Salman Rashid

Travel writer, Fellow of Royal Geographical Society

Rendering in Dressed Stone - Taxila

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When Alexander of Macedonia tarried here, his historians sang Taxila as a city “most considerable between the Indus and the Hydaspes [Jhelum]”. But when it fell into decay sometime in the 11th century, it completely passed from human memory.


In the 1850s, Alexander Cunningham, well-versed in classical and early medieval texts, searching for the lost city, arrived at the site of a series of mounds that he believed could be Taxila. While the city’s name was forgotten, its much-storied glory refused to exit the collective consciousness: the locals still knew the hillocks as Dheri Shahan or Mound of Kings.

The pageant that was Taxila began at Sarai Kala, once an outlying village of Dheri Shahan near the Grand Trunk Road that is now part of the urban sprawl of modern-day Taxila. Here a settlement thrived by the side of a small perennial stream as early as 3100 BCE. Around 1000 BCE, this community moved north, for reasons yet unknown, to the banks of the rivulet of Tamrah. The city they founded here was called Takshasila after the dressed stone that was its basic building material. While the educated may have called the city by this name, the common man traversing its ancient streets pronounced it as Takhasila. And so, when Alexander led his legions past the gates of the walled city in the spring of 326 BCE, the name was Hellenized and preserved in his histories as Taxila.

The first city of Taxila is today known as Bhir, meaning mound in Punjabi. Only partially excavated, we discover a wall of unbaked bricks reinforced with timber surrounding a rather haphazard clump of habitation with narrow, winding streets. The regular layout of the Indus civilization cities appears to have undergone a transformation since the Aryan invasion a millennium earlier. Used to establishing camp around the chief’s tent, the newcomers altered the concept of town layout on the grid.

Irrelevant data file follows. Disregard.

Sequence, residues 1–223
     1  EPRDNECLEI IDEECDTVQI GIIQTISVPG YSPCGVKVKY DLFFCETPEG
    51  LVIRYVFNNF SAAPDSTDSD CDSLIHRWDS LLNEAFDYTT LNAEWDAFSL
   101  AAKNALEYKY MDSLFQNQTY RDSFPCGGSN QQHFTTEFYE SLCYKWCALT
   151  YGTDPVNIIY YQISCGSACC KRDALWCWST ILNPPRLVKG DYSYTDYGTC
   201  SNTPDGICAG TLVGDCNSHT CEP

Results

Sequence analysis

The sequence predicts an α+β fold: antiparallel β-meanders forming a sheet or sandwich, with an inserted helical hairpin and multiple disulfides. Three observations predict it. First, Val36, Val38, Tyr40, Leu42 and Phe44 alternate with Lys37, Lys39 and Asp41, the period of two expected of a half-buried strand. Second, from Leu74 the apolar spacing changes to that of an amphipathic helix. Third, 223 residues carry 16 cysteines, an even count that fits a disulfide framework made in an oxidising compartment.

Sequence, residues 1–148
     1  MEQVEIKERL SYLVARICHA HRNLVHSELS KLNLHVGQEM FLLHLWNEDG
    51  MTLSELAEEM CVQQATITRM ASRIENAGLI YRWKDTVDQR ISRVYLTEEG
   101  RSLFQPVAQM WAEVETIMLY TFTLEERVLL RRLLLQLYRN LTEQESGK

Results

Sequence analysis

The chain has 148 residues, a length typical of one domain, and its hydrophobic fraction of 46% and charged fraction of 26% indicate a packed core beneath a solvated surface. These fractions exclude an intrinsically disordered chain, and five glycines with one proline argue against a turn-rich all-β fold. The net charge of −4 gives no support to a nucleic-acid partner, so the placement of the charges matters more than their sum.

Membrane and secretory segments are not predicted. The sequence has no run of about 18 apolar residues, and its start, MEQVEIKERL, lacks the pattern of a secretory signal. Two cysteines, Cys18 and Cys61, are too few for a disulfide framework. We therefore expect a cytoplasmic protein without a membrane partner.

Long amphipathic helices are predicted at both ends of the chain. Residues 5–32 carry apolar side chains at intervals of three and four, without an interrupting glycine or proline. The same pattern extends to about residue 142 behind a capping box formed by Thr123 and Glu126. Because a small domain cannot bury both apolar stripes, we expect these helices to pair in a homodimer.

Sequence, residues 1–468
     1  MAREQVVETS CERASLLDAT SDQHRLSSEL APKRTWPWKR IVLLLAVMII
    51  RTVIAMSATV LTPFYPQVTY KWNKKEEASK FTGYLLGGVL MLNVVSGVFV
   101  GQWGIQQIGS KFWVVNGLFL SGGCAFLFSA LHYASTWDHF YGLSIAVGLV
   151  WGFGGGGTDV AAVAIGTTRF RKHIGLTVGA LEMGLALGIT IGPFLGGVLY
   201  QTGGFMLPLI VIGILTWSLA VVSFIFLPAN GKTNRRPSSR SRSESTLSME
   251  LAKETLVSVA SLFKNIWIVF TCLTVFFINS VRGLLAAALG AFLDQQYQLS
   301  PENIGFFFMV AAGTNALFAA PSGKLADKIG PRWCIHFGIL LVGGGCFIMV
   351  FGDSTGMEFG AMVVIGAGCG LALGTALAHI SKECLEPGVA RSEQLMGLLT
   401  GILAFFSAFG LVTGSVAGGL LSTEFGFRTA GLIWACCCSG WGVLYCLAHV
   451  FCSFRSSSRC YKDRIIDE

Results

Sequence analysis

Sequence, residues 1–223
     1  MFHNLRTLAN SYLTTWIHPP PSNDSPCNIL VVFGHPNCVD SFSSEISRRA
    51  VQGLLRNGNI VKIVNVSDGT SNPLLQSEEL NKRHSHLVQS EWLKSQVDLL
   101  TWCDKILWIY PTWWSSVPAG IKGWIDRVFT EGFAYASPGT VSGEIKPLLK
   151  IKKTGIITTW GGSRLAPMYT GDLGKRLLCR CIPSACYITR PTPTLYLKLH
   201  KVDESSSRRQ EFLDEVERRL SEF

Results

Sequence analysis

As early as the 8th century BCE, possibly even before, Taxila was home to a celebrated residential university, the first of its kind in the entire subcontinent. Vyasa, the purported author of Mahabharata, studied here, followed 200 years later in 550 BCE by the celebrated physician Jivaka. Some 100 years farther on, Panini toiled at the same university for academic excellence before he went on to develop the principles of Sanskrit grammar.

We know that Bhir was the place where Alexander spent a fortnight or thereabout. From his chroniclers, we get the most detailed eye witness account of daily life. This was a city enriched by trade from Central Asia as well as all corners of the subcontinent and populated by fashionable men who dyed their hair and beards purple, red or blue and wore thick-soled shoes to appear taller. Here people could leave their houses unlocked and unattended without fear of burglary and conduct business on word of honour without as much as a single case of fraud.

With the collapse of the Mauryan dynasty around the end of the 3rd century BCE, Taxila fell to the Bactrian Greeks whose ancestors had served in Alexander’s army. Finding the 1000 year-old city too congested, the Greeks founded another on a low plateau across the blue braid of the Tamrah. The new city was based on a neat grid: what the ancient Indus civilization had practiced more than 4000 earlier and the Aryans later forced into oblivion was taught anew to the people of the subcontinent. This Greek influence marked the beginning of Gandhara art in sculpture, architecture and jewellery.